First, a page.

Wednesday, February 09, 2005

If They Only Knew What King Canute Knew

If anyone has any doubt that the real motivating force behind the Kyoto treaty is political economy and not science, all you have to do is read the latest testy missive from David Ignatius in the Washington Post: A Climate of Disdain

All 25 nations of the European Union have ratified the Kyoto accord,

Please, David stop! The moral superiority of the Europeans is killing me!

The fact that a few countries in Europe can strong arm smaller countries (who don't produce a lot of CO2 to begin with and for whom Kyoto will have no negative costs involved) into ratifying Kyoto doesn't speak to its being a good thing. If it was so obviously a good thing why did EU members have to threaten countries with sanctions if they didn't comply?

and they have created an innovative system for trading rights to emit the carbon dioxide "greenhouse gases" that are thought to be responsible for global warming. High-emissions Britain could purchase allocations from low-emissions Norway, for example. This "carbon trading" system will make it easier for the E.U. as a whole to meet the Kyoto target of reducing emissions from 2008 onward to 8 percent below 1990 levels.

Isn't bureaucracy wonderful? While they're at it let them know I want to trade Baltic Avenue for Park Place. See, the point is that without knowing if such activities can positively impact global warming, which we don't and the best evidence says it won't, all of it is meaningless. All the bureaucratic rules can do is make of it a game. Granted, a game with scientific sounding components. Newspapers in Europe can print wonderful sounding headlines about "Sweden Buys 2007 CO2 Allotment From Luxembourg For Several Cases Of Absolut!" However, it remains a game, and an expensive one at that.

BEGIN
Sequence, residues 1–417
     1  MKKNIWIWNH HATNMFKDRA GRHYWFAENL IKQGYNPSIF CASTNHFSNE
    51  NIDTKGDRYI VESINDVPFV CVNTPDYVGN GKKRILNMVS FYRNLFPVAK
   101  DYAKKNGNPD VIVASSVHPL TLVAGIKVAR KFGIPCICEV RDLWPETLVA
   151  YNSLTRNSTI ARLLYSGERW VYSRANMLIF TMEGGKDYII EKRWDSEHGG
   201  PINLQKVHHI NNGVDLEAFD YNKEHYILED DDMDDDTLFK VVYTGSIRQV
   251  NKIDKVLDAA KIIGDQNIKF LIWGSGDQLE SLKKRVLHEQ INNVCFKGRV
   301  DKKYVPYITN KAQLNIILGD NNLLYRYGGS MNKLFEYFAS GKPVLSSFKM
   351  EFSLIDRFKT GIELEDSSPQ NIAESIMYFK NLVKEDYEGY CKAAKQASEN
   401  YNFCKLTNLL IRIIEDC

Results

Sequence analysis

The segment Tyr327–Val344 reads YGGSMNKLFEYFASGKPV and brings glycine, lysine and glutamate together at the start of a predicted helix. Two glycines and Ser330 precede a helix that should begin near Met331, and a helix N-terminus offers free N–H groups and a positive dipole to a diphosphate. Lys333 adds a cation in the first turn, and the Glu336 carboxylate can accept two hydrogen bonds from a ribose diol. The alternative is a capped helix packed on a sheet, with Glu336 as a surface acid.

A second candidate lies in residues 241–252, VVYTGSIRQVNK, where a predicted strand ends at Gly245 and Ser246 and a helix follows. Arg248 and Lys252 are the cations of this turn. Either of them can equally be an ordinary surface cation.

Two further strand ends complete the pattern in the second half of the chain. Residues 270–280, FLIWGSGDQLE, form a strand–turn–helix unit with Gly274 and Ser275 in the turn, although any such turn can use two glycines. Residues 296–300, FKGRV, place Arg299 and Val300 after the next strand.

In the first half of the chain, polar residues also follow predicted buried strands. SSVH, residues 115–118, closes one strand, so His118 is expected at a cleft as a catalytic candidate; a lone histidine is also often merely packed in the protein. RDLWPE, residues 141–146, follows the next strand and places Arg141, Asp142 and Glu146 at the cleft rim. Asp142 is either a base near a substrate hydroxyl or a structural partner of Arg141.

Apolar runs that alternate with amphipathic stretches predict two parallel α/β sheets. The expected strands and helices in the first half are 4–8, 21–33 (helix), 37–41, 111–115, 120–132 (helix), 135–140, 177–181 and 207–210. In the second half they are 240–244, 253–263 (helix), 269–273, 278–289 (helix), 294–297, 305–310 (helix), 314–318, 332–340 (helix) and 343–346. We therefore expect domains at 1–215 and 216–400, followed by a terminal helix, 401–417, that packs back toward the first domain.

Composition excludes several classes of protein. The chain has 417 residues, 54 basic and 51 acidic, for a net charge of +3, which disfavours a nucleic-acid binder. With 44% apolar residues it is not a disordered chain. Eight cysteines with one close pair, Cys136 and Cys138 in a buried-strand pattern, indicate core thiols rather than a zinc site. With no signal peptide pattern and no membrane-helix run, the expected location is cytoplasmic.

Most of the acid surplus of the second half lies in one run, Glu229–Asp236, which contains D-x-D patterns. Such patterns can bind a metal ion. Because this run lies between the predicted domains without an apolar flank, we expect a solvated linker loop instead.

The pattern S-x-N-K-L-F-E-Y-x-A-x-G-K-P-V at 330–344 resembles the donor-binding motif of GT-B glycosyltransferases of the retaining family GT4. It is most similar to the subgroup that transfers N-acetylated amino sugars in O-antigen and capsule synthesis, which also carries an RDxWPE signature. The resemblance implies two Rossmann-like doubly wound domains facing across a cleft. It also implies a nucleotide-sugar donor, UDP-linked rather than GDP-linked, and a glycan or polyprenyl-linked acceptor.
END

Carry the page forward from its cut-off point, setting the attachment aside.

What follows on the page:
Kyoto is probably the best example of the differing trajectories of the Bush administration and most of its allies and trading partners. The administration decided to walk away from the treaty during its first months in office, arguing that the Kyoto requirement that the United States cut greenhouse emissions to 7 percent below 1990 levels would cost 5 million jobs and billions of dollars.

An interesting point is that I've never seen a single person argue that these projected job loss and monetary costs are erroneous. The consensus seems to be that, yes, those are indeed the costs involved. So what they are arguing for is a structural change to our economy that will effectively double our base unemployment rate. Yeah, that's politically sustainable.

Some of the administration's criticisms were valid -- especially its argument that the treaty was flawed because it didn't include limits for developing nations such as China. But by disdaining Kyoto, the administration opted out of a process that might have produced a better agreement. Perhaps the administration assumed that Kyoto would wither and die without U.S. support; if so, it was wrong.